He had an exceptional utopian vision for both films and Hollywood. He believed that close attintion to artistic detail and ultra-high standards would prove their intrinsic value in time. Do you see the similarties to Jobs?

The hard part, as it is for any artist, how do you get reconized as a talent in the near term with a long term vision?

Let's hope the similarities end there--it was Welles who said:

"I began at the top and have been making my way down ever since."

MorganX
Feb 10, 2004, 07:39 AM
Originally posted by MacFan26
Hollywood closes its ranks to rebels? What exactly does that mean? So many people in Hollywood are classified as "rebels."

That means because Cold Mountain was filmed in Europe, it didn't get nominated for Best Picture or Director. At least that's what the actors and director think. They're probably right.

MorganX
Feb 10, 2004, 07:44 AM
Originally posted by gwangung
Jobs is not an artist. Jobs is a businessman. It's simply a matter of the Golden Rule---he who hath the gold, makes the rules.


This is true as long as you stay within the boundaries of "your" kingdom.

Step into another King's realm, or worse, into Barbarian land, and you'll find out just how much better it is to stay home, where you're King.

I don't think too much about the Pixar Disney thing, that's their business and business can be shrewd. But I will say, Jobs' public ridicule was not professional at the level he's at.

If he keeps that up he's going to learn some hard lessons from people with more power than he has. Hollywood takes care of each other, that's why they've lasted this long through war and political scandal.

You can't sell snake oil to another snake oil salesman.

ccuilla
Feb 10, 2004, 08:26 AM
In 2001, worldwide gross revenues generated by motion pictures in all territories and media (including music and ancillaries) amounted to over $40 billion.

Apple's trailing 12 month revenue is almost $7 billion. ONE company. The SMALLEST player in the computer industry.

Just an interesting couple of facts.

Jerry Spoon
Feb 10, 2004, 09:33 AM
Originally posted by pinto32
....I simply see Steve as the leader of the next generation of artists that will change Hollywood and point it towards the 21st century.

Steve Jobs playing the role of "artist" as defined in Hollywood terms. I don't really see that. Visionary maybe. Artist... no.

South of Heaven
Feb 10, 2004, 10:02 AM
Originally posted by MorganX
That means because Cold Mountain was filmed in Europe, it didn't get nominated for Best Picture or Director. At least that's what the actors and director think. They're probably right.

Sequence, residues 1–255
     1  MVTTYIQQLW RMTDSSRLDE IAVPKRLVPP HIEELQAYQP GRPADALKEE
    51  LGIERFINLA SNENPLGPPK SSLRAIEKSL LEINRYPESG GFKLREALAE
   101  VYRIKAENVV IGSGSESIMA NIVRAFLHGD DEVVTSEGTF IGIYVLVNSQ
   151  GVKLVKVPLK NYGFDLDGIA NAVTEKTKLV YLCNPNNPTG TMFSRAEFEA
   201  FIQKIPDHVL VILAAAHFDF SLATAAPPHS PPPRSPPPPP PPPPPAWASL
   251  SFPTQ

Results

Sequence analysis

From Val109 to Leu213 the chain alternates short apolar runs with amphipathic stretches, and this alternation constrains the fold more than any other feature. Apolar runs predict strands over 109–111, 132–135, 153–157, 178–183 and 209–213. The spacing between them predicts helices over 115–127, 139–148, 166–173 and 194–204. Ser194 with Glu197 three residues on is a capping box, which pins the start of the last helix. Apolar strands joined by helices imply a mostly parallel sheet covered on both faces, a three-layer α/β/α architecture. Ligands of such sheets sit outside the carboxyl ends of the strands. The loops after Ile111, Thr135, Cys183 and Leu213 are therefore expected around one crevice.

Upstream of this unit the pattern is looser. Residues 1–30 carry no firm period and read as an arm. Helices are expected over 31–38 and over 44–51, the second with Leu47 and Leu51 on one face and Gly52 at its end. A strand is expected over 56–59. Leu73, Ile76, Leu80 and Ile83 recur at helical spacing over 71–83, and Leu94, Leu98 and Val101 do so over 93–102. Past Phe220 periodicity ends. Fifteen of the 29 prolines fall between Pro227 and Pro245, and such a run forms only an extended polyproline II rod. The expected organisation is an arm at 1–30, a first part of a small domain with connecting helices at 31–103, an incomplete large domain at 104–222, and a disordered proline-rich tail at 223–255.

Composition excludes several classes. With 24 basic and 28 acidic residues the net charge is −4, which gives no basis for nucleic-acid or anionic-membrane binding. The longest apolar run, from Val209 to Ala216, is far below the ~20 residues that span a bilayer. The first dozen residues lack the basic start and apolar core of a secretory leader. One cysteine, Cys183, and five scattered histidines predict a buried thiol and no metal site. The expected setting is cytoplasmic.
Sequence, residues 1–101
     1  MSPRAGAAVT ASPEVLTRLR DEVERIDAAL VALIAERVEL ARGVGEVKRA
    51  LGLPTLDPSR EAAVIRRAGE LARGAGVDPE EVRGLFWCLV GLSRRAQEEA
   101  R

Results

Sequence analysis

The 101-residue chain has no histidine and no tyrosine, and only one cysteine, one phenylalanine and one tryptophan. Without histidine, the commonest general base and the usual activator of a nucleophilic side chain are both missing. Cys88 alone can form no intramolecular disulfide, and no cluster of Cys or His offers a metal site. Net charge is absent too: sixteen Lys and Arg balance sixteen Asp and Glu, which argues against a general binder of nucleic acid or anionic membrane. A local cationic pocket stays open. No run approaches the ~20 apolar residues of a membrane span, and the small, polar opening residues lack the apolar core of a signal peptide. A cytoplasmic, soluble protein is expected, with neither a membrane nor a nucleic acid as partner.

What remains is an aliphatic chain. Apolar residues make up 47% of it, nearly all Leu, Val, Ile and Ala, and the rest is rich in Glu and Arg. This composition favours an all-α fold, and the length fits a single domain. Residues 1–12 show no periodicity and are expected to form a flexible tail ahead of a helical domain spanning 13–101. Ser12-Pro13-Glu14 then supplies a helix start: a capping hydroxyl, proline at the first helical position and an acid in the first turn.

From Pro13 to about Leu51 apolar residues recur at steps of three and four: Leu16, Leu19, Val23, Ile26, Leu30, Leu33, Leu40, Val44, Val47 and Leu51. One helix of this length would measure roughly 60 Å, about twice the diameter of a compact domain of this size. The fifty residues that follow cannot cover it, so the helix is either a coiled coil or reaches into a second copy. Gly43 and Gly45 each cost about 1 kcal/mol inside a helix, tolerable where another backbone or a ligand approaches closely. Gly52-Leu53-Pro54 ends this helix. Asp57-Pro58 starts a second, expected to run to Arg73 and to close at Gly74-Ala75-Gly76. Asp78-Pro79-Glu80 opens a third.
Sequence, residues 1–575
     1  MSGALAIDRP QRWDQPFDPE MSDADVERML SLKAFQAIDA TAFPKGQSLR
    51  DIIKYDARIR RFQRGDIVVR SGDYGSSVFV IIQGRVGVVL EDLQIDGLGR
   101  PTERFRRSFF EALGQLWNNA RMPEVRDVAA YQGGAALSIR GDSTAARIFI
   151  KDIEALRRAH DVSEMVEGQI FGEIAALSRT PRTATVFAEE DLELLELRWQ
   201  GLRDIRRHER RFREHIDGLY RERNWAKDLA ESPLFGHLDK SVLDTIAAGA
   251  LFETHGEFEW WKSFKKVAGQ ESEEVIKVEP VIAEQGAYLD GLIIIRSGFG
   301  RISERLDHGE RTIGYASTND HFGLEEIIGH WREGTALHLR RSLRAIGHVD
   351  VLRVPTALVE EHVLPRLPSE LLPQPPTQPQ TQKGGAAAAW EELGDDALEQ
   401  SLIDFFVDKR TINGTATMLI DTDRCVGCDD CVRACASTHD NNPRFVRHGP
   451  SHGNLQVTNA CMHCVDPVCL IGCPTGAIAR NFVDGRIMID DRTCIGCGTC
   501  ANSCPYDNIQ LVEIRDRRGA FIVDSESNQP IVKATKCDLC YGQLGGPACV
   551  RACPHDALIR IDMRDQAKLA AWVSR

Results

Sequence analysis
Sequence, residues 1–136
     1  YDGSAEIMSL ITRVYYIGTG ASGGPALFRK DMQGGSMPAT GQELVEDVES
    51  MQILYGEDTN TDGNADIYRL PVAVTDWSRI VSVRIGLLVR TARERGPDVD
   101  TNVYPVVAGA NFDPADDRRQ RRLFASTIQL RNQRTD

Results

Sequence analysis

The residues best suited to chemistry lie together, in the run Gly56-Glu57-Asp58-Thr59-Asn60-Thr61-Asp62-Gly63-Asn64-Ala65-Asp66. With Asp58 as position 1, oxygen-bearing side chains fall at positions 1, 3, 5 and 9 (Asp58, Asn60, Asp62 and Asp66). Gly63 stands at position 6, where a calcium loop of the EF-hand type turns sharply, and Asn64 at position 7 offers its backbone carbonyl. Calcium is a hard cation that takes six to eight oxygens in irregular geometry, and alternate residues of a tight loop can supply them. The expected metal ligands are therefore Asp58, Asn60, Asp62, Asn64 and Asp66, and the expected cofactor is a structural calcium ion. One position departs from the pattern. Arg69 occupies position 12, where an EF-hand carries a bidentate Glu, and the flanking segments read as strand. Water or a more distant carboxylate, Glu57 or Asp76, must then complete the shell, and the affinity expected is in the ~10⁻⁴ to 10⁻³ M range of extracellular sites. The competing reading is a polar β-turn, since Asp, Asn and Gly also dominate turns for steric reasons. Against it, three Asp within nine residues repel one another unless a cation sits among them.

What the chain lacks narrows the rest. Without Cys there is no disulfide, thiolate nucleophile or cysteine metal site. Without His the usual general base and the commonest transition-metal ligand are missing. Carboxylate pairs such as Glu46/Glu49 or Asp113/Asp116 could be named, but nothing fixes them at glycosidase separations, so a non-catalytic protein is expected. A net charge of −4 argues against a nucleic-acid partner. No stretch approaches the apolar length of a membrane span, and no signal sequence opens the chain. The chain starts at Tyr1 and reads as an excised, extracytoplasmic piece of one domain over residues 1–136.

Then they would have to explain why Return of the King was nominated for both Best Director and Best Film. It was filmed in NZ.

As for Jobs and being a rebel in Hollywood, the entertainment and business news is on this story because of the Disney and Pixar falling out. It will soon turn to some other news story and Pixar will go back and make movies.

mrsebastian
Feb 10, 2004, 11:19 AM
from the article: Last week, Jobs went so far as to declare that Pixar had surpassed Disney as "the most powerful and trusted brand in animation.''

uh, yeah! like i mentioned in another thread, disney used to innovate and create once upon a time, but not anymore. all of "disney's" animated releases of late have been pixar, well the successful ones anyway. i think it was a brilliant strategy to dump disney. with that kind of creative power and with the salesman of the century, pixar can get amazing deals for distribution of their films.

agreenster
Feb 10, 2004, 11:20 AM
Originally posted by MorganX
That means because Cold Mountain was filmed in Europe, it didn't get nominated for Best Picture or Director. At least that's what the actors and director think. They're probably right.

Huh? Thats BS. Cold Mountain was just simply overrated.

And why was Return of the King nominated for umpteen Oscars? 90% of the cast and crew weren't American. New Zealand ruled the school in Middle Earth.

agreenster
Feb 10, 2004, 11:27 AM
Originally posted by MorganX
That means because Cold Mountain was filmed in Europe, it didn't get nominated for Best Picture or Director. At least that's what the actors and director think. They're probably right.

Huh? Thats BS. Cold Mountain was just simply overrated.

And why was Return of the King nominated for umpteen Oscars? 90% of the cast and crew weren't American. New Zealand ruled the school in Middle Earth.

MorganX
Feb 10, 2004, 01:27 PM
Originally posted by agreenster
Huh? Thats BS. Cold Mountain was just simply overrated.

And why was Return of the King nominated for umpteen Oscars? 90% of the cast and crew weren't American. New Zealand ruled the school in Middle Earth.

I don't know. I'm just relaying here. It's from one of the chairmen of Miramax. Could just be sour grapes.

MacFan26
Feb 10, 2004, 01:39 PM
As far as the Oscars go, I think Bill Murray was overrated in Lost in Translation. Haven't seen Cold Mountain yet, but I have the book.